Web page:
According to a report from Commissioner Gary Mauio of the Texas General Land Office, about 1.3 million tons of glass goes into landfills each year.
Since 1986, Texas has seen a steady decline in the number of landfills. Approximately 700 municipal waste landfills were operating in 1992, down 200 from 1986, with IOO scheduled to close early this year.
The GLO report said recycling has “taken off like wildfire” but interest in what becomes of those recyclables once they are “dropped off,” has itself, dropped off.
According to the GLO report, more and more recyclables are ending up in landfills because of
the lack of adequate markets for recyclables.
The report said office wants to increase the market for recyclables by stimulating the demand for products made with, or packaged in, recycled products.
This would not only inspire manufacturers to use recycled materials, but would also reduce the amount of recyclables going into landfills.
Residents of New Braunfels have, over the years, discussed the possibility of citywide recycling programs, such as curbside recycling, but nothing has been agreed upon.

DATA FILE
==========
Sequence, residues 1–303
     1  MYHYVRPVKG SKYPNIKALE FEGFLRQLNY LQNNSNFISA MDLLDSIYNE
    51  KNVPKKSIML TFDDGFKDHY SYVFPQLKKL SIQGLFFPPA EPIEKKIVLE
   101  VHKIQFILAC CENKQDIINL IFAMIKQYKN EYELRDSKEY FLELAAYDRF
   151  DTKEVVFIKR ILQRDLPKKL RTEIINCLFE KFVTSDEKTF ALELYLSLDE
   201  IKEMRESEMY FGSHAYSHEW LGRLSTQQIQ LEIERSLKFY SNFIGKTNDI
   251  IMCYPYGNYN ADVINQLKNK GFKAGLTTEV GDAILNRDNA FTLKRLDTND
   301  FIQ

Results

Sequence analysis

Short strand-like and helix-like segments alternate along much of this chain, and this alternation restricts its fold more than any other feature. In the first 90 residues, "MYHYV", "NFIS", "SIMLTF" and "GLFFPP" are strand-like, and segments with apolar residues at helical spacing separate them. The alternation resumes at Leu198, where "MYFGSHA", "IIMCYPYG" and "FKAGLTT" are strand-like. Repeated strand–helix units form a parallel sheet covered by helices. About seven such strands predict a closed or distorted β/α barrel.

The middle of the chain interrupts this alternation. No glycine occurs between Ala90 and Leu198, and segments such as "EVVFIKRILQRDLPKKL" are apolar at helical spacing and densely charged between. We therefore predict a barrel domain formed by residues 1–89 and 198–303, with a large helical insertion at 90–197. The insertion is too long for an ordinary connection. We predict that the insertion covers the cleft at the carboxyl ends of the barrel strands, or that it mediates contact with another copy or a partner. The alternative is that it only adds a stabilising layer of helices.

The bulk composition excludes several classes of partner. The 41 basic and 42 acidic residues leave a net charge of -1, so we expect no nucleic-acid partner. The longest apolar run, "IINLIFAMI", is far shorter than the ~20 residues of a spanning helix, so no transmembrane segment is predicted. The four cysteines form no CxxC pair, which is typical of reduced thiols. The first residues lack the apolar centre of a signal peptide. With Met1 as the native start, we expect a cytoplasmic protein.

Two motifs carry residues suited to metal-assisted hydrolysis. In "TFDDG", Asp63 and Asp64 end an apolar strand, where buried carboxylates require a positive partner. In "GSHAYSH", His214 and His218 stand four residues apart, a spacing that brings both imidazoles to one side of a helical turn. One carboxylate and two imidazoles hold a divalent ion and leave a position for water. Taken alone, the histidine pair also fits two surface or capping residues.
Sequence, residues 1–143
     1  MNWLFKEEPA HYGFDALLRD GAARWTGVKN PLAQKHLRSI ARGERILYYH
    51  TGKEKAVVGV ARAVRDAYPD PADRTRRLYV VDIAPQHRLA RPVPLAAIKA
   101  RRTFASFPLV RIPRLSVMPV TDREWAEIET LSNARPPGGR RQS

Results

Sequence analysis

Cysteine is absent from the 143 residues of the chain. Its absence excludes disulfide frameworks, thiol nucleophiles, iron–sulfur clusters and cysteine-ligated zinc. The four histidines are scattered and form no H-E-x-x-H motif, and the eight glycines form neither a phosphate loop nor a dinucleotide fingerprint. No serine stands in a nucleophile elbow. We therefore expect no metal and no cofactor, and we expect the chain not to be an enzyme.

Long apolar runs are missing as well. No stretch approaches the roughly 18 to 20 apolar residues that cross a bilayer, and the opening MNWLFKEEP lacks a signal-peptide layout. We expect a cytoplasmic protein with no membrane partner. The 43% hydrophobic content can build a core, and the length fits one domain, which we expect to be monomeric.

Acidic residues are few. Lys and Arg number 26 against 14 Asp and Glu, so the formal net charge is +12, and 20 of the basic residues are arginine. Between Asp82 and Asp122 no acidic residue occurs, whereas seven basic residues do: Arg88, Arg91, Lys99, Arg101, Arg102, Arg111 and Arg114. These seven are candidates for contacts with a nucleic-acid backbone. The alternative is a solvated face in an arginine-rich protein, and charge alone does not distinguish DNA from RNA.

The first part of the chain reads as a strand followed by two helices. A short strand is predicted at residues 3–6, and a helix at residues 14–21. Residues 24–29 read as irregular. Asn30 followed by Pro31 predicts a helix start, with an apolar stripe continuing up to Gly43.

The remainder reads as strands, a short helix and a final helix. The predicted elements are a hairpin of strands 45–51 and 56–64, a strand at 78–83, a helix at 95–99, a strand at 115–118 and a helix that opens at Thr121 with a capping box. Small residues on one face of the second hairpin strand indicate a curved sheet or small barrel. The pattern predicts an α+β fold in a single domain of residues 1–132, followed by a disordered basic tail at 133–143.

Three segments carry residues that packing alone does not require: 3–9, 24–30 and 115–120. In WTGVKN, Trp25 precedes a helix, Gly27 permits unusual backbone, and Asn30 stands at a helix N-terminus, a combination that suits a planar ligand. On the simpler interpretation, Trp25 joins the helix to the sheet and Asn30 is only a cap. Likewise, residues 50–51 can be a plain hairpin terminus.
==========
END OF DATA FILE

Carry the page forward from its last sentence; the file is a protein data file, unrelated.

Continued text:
Mayor Clinton Brandt said that everybody agrees that recycling is a good idea, but no one can agree who should pay for it
SMITHSON VALLEY — County residents met with Water Oriented Recreation District officials Monday for a public hearing to discuss methods of funding the $136,000 budget passed by the board during their January meeting.
“We've budgeted $136jOOO,” said Guy Anderson. “And if I was a business person, and I wanted $136,000, fd have to have a plan to get that money. That's what we're here to discuss.”
The hearing was originally limited to discussion of alternative methods of funding the district However, much of the two-hour hearing was spent discussing various problems with the management of the district Citizens questioned the policy of WORD paying for law enforcement which county residents said they already fund through funding of the sheriffs office.
They also discussed the need for a turn signal on River Road and other previously-debated issues involving WORD.
The board had not reached a consensus on how they would fund the budget, but each member reported his personal preferences to 'he public during the hearing.